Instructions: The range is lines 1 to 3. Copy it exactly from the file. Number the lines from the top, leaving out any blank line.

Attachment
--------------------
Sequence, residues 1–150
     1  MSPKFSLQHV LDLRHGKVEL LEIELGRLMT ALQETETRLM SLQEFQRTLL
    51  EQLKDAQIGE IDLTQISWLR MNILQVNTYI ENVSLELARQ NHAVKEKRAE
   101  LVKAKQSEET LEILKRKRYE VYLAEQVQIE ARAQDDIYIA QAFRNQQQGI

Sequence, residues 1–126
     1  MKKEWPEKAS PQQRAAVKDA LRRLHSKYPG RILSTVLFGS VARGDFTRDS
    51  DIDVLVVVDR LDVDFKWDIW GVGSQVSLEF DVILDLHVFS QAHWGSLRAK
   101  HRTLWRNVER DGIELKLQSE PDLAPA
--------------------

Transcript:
Sequence, residues 1–150
     1  MSPKFSLQHV LDLRHGKVEL LEIELGRLMT ALQETETRLM SLQEFQRTLL
    51  EQLKDAQIGE IDLTQISWLR MNILQVNTYI ENVSLELARQ NHAVKEKRAE